No, it's not some kind of chocolate with a plastic toy inside, it's a mountain plateau whose highest point - Crowden Head, with a height of 631 metres (approximately 1893 feet) - is also the highest point of the Peak District in Derbyshire, England.
There are two main routes for climbing the plateau - first, from the village of Edale in the south, climbing up through the Grindsbrook valley, a leisurely climb for most of the way until the end where one climbs roughly 300 metres (900 feet) in the valley's final kilometre. Alternatively, one could take the Pennine way from the northwest from Jacob's Ladder to Kinder Low. The latter is usually slightly harder and therefore less busy, while with the former, one is likely to be accompanied by other walkers even during the low season.
The plateau itself is made of gritstone and is the largest upland in the Dark Peak area. Many streams have their sources on the plateau, including the Kinder River, which runs off the western side of the plateau forming Kinder Downfall, possibly the district's most famous waterfall. It is difficult to get a good view of this waterfall from the top, but it is nonetheless spectacular as it blows a mist of water into walkers' faces. In the winter, it often freezes completely, and is then used by climbers.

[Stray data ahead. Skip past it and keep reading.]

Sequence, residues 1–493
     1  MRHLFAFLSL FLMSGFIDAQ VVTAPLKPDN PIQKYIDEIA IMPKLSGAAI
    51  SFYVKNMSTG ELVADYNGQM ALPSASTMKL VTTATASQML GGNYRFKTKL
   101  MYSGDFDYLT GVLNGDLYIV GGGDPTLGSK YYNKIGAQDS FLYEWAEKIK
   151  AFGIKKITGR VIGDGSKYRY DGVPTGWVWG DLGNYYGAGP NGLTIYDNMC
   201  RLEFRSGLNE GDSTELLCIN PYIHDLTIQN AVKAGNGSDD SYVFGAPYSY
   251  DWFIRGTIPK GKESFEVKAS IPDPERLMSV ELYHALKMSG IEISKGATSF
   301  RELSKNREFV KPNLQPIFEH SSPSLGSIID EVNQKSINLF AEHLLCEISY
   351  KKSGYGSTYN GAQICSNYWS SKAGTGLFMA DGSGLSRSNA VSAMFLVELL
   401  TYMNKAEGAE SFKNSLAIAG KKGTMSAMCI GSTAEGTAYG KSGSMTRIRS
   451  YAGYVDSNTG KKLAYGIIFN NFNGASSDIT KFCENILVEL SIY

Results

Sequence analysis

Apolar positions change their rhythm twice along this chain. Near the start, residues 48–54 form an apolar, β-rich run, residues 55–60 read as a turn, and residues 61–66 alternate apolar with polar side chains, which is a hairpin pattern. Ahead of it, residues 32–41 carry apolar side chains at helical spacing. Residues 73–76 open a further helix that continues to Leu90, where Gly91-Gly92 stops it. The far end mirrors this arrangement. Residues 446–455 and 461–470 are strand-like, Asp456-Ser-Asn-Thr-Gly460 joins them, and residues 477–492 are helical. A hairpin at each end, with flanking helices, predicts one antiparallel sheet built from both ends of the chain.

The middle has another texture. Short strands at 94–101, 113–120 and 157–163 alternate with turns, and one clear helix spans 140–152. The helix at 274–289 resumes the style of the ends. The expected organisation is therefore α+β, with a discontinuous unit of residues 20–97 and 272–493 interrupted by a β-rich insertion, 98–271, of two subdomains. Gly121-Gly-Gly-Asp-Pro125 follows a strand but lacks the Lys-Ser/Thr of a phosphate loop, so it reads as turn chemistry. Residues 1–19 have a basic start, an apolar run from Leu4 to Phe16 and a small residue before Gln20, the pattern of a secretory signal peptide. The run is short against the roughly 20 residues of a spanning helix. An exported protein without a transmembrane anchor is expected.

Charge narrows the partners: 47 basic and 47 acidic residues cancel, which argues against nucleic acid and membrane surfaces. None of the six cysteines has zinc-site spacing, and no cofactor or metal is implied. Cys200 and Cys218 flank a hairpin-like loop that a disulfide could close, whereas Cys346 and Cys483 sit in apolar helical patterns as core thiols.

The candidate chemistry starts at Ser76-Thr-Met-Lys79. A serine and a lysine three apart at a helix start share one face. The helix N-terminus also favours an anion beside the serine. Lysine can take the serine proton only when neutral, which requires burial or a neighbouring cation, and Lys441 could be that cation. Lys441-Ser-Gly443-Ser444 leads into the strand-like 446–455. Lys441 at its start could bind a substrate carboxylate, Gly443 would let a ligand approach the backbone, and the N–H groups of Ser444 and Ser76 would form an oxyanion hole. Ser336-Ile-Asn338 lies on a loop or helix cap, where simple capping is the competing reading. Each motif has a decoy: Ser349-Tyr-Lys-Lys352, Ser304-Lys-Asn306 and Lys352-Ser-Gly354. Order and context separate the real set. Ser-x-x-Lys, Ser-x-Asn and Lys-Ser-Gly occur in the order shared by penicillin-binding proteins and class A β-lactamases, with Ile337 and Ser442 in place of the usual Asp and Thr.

It is very difficult to find Crowden Head itself, since most of the top of Kinder Scout is peat bog and very bleak. Nonetheless, a walk over the plateau is very enjoyable and rewarding, and the views of Manchester to the west and Sheffield to the east are phenomenal.
Kinder Scout is probably the most popular area of the Peak District National Park, and is therefore patrolled by rangers for most of the year. Numerous visitors over the years have made erosion of the peat a serious problem, especially along the Pennine Way, with the peat disappearing in places in a radius of 150 metres around trig points.
The streams running over Kinder Scout tend to carve valleys in the peat, which are usually easier to navigate by than the designated paths according to the Ordnance Survey. The streams themselves are rarely very deep, having only just arisen from their sources, but the softness of the peat means that the valleys tend to be up to a metre or two deep. Walking along these other-wordly valleys with their steep walls and emerging to fantastic views of the surrounding National Park is probably the most enduring memory I have of this mountain.
The plateau was made famous in 1932 by the Kinder Trespass, a mass demonstration by ramblers against gamekeepers who restricted access to open land. A large crowd gathered at Hayfield and trespassed onto the mountain in protest. Many were imprisoned, but they raised public awareness to the situation so that in 1939, the Access to Mountains Act was approved, and in 1955, Kinder Scout was handed over to the National Trust. However, the public still does not have free access to all open land.